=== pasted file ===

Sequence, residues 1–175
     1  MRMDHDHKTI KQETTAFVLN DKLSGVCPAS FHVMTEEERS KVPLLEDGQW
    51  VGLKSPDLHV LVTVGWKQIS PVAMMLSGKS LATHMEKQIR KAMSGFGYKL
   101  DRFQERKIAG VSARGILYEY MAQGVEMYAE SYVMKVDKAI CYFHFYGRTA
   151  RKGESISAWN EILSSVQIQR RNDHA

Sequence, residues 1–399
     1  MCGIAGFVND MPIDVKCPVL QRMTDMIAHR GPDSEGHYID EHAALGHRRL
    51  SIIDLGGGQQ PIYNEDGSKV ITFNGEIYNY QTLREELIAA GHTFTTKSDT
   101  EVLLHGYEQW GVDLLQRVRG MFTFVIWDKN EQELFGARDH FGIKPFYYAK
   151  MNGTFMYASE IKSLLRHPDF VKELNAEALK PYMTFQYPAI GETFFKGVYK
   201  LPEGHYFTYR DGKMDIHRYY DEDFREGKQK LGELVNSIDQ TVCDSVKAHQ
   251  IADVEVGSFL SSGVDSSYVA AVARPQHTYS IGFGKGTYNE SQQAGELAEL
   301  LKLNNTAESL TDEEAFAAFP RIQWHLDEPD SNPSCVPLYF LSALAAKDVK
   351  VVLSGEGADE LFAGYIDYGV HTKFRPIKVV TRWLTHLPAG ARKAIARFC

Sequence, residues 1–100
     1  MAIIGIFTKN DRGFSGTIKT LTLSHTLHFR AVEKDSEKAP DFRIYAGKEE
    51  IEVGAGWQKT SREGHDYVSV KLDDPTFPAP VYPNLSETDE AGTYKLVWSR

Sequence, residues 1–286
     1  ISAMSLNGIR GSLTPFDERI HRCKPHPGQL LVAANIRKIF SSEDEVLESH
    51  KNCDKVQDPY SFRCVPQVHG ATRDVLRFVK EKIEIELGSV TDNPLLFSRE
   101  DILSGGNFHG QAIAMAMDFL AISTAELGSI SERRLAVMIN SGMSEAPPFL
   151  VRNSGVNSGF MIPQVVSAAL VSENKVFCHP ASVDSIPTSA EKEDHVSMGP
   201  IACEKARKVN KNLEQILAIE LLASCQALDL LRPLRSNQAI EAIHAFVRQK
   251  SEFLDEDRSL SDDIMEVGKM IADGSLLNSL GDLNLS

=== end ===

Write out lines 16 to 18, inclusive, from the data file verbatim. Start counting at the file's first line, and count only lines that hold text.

     1  MAIIGIFTKN DRGFSGTIKT LTLSHTLHFR AVEKDSEKAP DFRIYAGKEE
    51  IEVGAGWQKT SREGHDYVSV KLDDPTFPAP VYPNLSETDE AGTYKLVWSR

Sequence, residues 1–286